United States District Court, E.D. Louisiana
IN RE CHINESE-MANUFACTURED DRYWALL PRODUCTS LIABILITY LITIGATION THIS DOCUMENT RELATES TO ALL CASES
WILKINSON MAG. JUDGE.
FINDINGS OF FACT & CONCLUSIONS OF LAW RELATED TO
THE JUNE 9, 2015 DAMAGES HEARING
following procedural history has been recited in several of
the Court's previous opinions, but in order to place the
current issues in context it is restated here. From 2004
through 2006, the housing boom in Florida and rebuilding
efforts necessitated by Hurricanes Rita and Katrina led to a
shortage of construction materials, including drywall. As a
result, drywall manufactured in China was brought into the
United States and used in the construction and refurbishing
of homes in coastal areas of the country, notably the Gulf
Coast and East Coast. Sometime after the installation of the
Chinese drywall, homeowners began to complain of emissions of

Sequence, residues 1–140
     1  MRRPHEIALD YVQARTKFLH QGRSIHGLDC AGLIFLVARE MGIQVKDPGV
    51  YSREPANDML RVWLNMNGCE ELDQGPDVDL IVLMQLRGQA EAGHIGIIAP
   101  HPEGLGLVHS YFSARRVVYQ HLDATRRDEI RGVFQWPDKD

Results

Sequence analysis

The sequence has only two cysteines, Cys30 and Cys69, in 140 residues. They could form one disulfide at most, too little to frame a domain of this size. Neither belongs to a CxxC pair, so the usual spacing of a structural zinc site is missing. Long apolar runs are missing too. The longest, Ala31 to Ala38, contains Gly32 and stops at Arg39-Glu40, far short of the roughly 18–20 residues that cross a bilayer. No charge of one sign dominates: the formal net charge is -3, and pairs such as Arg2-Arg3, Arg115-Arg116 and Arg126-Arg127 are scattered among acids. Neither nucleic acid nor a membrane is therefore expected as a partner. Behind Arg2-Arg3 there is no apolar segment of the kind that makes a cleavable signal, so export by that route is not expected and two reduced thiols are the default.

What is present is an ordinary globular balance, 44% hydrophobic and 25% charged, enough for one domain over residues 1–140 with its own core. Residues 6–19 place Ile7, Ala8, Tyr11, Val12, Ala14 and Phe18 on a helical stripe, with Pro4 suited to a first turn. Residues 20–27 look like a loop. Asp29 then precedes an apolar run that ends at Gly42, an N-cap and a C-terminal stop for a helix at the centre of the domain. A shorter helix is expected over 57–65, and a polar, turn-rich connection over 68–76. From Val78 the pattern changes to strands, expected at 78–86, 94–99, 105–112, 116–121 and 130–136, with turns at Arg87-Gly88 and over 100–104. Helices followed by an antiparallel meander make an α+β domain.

smelly gasses, the corrosion and blackening of metal wiring,
surfaces, and objects, and the breaking down of appliances
and electrical devices in their homes. In re
Chinese-Manufactured Drywall Prod. Liab. Litig., 894
F.Supp.2d 819, 829 (E.D. La. 2012), aff'd, 742
F.3d 576 (5th Cir. 2014). Many of these homeowners also began
to complain of various physical afflictions believed to be
caused by the Chinese drywall. Accordingly, these homeowners
began to file suit in various state and federal courts
against homebuilders, developers, installers, realtors,
brokers, suppliers, importers, exporters, distributors, and
manufacturers who were involved with the Chinese drywall.
Because of the commonality of facts in the various cases,
this litigation was designated as multidistrict litigation.
Pursuant to a Transfer Order from the United States Judicial
Panel on Multidistrict Litigation on June 15, 2009, all
federal cases involving Chinese drywall were consolidated for
pretrial proceedings in MDL 2047 in the U.S. District Court,
Eastern District of Louisiana.
Chinese drywall at issue was largely manufactured by two
groups of defendants: (1) the Knauf Entities, and (2) the
Taishan Entities. The litigation has focused upon these two